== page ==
I did catch a fish - it was small, so I threw it back.

But it worked.



Mon Sep 08, 2008 1:25 am
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Thoreau speaks of the 'desperate' . . . I guess it's the 'desperate' who can show us how to save money, how to use materials wisely.

My husband and I aren't doing too bad, money-wise, at this point in our lives - we're certainly not rich, or what you'd call 'well-off', but we are able to food in the fridge.

Still, we conserve . . . there's nothing like a bag of day-old donuts - they usually cost about 2 bucks at coffee shops. Some franchises aren't allowed to sell the day-olds, but when we see them, we opt for a bag, rather than buying two fresh ones. We can take them home and have some the next morning.

The owner of the building and lot where I do my gardening, doesn't like a lot of money spent - heh! heh! She just likes 'collecting it', y'know?

So I'm frugal when I buy for my gardening; I always keep a certain amount of leaves back, let them mulch into soil - I also prefer that kind of soil because it doesn't have any commercial ingredients in it - I like to cultivate what grows wild on the lot - a lot of the stuff you buy has 'weed' killer in it.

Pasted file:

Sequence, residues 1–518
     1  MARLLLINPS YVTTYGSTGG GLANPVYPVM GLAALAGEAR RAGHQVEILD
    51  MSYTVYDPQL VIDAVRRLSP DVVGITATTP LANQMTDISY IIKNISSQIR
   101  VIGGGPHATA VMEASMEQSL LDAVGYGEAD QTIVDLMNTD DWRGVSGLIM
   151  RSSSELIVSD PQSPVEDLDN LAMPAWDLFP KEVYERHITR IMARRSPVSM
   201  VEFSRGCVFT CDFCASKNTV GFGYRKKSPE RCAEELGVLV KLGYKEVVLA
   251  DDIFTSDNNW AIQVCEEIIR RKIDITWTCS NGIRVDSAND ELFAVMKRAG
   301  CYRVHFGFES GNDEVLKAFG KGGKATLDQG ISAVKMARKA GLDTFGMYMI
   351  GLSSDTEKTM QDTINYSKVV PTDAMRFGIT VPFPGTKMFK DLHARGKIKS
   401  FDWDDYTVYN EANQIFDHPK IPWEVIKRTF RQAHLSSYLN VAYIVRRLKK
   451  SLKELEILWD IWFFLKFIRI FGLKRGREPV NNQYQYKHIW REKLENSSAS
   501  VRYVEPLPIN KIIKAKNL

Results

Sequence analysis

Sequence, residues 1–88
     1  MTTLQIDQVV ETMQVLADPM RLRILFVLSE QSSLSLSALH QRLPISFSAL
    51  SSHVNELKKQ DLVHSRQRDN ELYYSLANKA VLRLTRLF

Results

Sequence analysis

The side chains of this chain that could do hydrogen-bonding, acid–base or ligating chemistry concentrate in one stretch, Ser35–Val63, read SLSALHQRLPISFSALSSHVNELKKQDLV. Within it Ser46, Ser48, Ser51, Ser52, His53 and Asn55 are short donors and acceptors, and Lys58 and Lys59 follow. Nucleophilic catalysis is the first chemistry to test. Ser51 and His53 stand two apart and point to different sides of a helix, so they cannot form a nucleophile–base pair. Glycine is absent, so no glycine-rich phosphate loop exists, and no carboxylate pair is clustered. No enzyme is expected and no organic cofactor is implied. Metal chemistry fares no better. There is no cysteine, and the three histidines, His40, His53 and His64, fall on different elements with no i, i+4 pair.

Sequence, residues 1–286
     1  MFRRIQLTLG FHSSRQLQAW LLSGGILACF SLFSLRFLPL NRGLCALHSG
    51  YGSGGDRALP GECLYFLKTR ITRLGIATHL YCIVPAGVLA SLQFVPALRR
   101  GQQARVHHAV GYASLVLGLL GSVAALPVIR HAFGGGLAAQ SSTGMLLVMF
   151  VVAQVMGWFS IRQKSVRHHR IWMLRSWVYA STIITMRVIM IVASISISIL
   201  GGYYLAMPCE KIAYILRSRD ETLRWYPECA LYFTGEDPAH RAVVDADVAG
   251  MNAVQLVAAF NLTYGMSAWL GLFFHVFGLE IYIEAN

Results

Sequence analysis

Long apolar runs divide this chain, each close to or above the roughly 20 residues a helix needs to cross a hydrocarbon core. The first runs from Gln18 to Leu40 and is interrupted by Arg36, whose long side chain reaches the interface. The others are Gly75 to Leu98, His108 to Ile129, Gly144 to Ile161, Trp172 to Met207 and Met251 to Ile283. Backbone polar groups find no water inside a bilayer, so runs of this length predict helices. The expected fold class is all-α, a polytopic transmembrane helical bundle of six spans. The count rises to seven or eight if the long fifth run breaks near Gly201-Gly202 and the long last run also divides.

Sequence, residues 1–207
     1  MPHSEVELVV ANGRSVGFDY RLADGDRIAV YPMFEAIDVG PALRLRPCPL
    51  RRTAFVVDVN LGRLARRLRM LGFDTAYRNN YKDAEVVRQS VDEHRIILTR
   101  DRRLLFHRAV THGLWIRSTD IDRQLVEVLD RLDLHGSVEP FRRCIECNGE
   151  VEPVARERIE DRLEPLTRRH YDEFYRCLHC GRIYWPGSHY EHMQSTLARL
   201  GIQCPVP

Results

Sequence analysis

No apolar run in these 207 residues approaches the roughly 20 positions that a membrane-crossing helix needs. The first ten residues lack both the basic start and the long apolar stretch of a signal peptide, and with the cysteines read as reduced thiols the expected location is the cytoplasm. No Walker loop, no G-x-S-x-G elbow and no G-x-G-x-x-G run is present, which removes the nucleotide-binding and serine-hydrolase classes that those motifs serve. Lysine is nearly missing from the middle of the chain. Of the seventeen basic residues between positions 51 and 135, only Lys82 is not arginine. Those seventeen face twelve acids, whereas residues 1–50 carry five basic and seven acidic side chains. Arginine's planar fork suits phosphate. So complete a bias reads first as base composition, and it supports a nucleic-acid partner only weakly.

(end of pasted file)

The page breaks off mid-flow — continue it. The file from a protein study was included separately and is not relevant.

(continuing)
That would be the end of my wild violets!



Mon Sep 08, 2008 1:31 am
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But that doesn't really tell you how 'Thoreau's' work is affecting my thoughts. These are things I've always done to save money.

What 'Walden' is doing for me is feeding a particular fantasy I have - it's a fantasy that I could make happen - all I'd have to do, is do it.

But I'm not in a position to do it, so it will have to remain a fantasy. I still 'live' this fantasy by writing about it . . . some little stories (rarely do I complete them - sorry), involve my protagonist as an older woman - a senior - travelling around the country from place to place, living as cheaply as possible.

I gotta' get to bed - it is 2:30 am here - so I'll enlarge upon this later.

BTW . . . anybody ever read 'Pilgrim's' story? No, not 'Timothy Findley's' Pilgrim.

The one I'm thinking about is an older woman who put on a backpack and took to the road . . . actually she called herself the 'Peace Pilgrim'.

http://www.peacepilgrim.com/

Thoreau would have loved this gal!



Mon Sep 08, 2008 1:42 am
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DWill wrote
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5. He let his whole being loose in his identification with nature. He didn't merely observe nature as a scientist would, but joined his own feeling to feeling he felt was also present in it. He claimed to be not a naturalist but a transcendentalist. (Something else admirable and inspiring about him--not anything I claim to be able to do.)


Beautifully put! Karma points for you!